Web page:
Donkey-Bomb Kills 1 and Injures 3 in Afghanistan

On Friday, in an act customary to the barbarianism manifested by the Afghan Taliban, a bomb strapped to the back of a donkey exploded in Laghman province in eastern Afghanistan. The bomb was remotely triggered as the donkey approached a police checkpoint. The explosion left one police officer dead and three civilians injured. Although the Afghan Taliban have used a number of ingenious ways to increase the success rates of the explosions carried out by their IEDs (Improvised Explosive Devices), using animals for this purpose has not been very common. A similar incident occurred back in August of 2012 when a similar donkey-bomb killed an Afghan police chief and injured 3 others.

The explosion comes two days after the bloodiest attack in more than a year. Members of the Taliban, dressed in the Afghan army uniform attacked a local court in Herat in a bid to free insurgents up for trial. The attack claimed the lives of 34 civilians, six army men and four policemen.

Due to their inability to outfight NATO forces in direct outright battle, the Taliban have resorted to numerous fairly effective guerrilla tactics. IEDs are one of the most effective tools in the hands of the Taliban when it comes to using indirect means to harm their enemies. The Taliban usually use soda-bottles, soda-cans, oil cans and pressure-cookers to make the IEDs and target NATO as well as local Afghan army and police officials. IEDs have been the leading cause of death for NATO forces in Afghanistan. Their overall use by the Afghan Taliban has increased by 400% since 2007, the number of NATO forces killed has increased by 400% and the number of wounded has increased by 700%. They are also responsible for approximately 85% of the deaths of Afghan army men and the Afghan police.

The key ingredient used in making IEDs is ammonium nitrate. The supply of ammonium nitrate to Afghanistan comes mainly across the highly porous and virtually indefensible mountainous Durand Line border with Pakistan. Attacks also seem to be concentrated in Eastern and Southern Afghanistan (in provinces that border Pakistan). Two factories in Pakistan that manufacture ammonium nitrate were approached by the U.S. to curtail their production but the only resulting outcomes were vague agreements regarding packaging, supply routes and quantity. Halting the production of ammonium nitrate altogether is impossible since it is a massive source of fertilizer to Pakistan’s and Afghanistan’s largely agro-based economies. Any efforts to monitor the movement of ammonium nitrate from Pakistan to Afghanistan have enjoyed limited success. The main source of the Taliban for procuring the ingredient is via smuggling it across the border by concealing it in flour, in cement, in powder detergent as well as hiding it inside luggage.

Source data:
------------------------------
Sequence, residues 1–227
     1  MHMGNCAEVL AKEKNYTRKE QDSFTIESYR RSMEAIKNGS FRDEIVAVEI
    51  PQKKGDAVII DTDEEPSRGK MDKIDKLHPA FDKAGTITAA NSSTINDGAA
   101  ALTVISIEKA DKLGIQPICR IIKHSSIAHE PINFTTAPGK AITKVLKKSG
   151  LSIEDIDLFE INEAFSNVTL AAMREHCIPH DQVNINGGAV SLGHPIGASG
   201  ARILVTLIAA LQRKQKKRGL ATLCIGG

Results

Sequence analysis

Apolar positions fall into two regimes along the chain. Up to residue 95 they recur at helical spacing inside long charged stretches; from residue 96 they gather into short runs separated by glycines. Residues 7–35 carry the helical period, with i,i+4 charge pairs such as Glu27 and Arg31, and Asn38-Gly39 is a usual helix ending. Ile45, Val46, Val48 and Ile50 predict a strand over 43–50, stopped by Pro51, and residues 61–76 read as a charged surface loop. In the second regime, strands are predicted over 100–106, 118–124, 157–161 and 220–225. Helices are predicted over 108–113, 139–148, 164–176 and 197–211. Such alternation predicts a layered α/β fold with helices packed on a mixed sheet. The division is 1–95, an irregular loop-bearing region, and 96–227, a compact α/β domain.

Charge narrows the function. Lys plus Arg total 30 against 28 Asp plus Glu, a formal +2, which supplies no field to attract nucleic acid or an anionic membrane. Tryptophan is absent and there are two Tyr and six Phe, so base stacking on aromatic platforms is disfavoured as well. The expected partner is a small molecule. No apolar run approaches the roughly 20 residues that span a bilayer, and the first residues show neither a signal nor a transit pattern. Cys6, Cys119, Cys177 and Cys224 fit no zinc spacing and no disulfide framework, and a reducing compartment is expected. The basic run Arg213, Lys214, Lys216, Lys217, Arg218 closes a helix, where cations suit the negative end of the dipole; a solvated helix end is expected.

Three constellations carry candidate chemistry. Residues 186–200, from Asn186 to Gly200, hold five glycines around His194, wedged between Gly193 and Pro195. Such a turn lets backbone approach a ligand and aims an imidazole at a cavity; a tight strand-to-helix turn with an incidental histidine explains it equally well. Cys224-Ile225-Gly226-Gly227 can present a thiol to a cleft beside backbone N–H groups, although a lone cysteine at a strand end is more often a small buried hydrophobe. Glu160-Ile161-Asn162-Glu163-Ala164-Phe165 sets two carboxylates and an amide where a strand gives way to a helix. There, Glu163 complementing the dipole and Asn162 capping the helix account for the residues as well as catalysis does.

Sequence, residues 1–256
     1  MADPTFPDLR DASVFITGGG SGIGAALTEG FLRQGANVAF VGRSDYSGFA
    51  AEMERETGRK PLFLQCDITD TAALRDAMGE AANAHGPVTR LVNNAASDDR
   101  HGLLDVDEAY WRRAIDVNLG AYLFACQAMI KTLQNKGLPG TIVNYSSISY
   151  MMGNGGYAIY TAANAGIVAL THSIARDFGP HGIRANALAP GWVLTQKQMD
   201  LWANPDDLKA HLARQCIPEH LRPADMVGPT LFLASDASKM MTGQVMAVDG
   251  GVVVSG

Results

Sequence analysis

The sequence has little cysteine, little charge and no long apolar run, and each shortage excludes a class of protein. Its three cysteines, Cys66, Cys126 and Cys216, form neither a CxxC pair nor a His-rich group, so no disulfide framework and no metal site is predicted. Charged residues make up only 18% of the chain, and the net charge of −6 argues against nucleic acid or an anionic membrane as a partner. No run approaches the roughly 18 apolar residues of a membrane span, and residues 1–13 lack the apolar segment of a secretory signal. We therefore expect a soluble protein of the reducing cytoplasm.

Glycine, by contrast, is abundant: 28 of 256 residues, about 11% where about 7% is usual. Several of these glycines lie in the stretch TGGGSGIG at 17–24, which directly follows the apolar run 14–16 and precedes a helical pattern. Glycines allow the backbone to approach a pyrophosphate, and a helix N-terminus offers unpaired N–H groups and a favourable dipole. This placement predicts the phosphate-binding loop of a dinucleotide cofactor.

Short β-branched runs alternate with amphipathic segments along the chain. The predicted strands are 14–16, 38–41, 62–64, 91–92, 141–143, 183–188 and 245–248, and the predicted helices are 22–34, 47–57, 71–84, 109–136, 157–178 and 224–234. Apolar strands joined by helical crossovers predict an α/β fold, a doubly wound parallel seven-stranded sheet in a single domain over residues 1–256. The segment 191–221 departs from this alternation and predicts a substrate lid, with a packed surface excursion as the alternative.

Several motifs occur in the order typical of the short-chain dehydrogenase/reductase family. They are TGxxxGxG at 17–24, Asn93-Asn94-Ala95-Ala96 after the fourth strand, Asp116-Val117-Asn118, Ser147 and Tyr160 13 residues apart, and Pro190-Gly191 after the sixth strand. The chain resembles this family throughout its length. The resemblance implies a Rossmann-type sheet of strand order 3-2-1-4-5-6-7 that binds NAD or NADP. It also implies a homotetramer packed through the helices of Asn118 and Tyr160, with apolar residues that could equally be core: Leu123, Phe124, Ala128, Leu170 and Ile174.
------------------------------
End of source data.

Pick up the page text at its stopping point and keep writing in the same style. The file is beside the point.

With the withdrawal of the NATO forces imminent, the Taliban continue to show their strength. This coupled with rampant corruption in the Afghan government ($3.9 billion in 2012) and a weak, ill-equipped and ill-trained Afghan army with a staggeringly high defection rate predicts a grim and bloody future for Afghanistan. NATO and the Afghan government have been forced to the negotiating table. On and off talks with the Taliban that commenced secretly in 2009 (when they were arranged by the German secret service; BND) have gained impetus over the past year. Talks of opening a Taliban office in Qatar are still in process but events such as the recent bombings are bound to derail any negotiation on a peace and power-sharing agreement.

Time seems to be on the side of the Taliban. They have no reason to reach a hasty agreement and hence have an edge in any diplomatic negotiations. Pakistan’s ISI (a decisive party to any Afghan peace process) has warned the Taliban not to conclude any deal with the Karzai government that will soon complete its term and be out of power. U.S. and Afghan bilateral relations have also been strained due to the ineptitude of the Karzai government, disagreements on the degree of appeasement toward the Taliban (release of prisoners etc.) and killing of Afghan civilians by U.S. soldiers. For now, all 3 parties (U.S., Afghanistan, and Pakistan) seem to be operating at different wavelengths.

The more one looks into the Afghan issue, the more complicated and hopeless the situation appears to be. It is a problem with many questions and almost no conclusive answers. 

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Shahab Ahmad

Undergraduate Political Science student at LUMS, Pakistan. Interested in anything and everything related to foreign policy and international relations.

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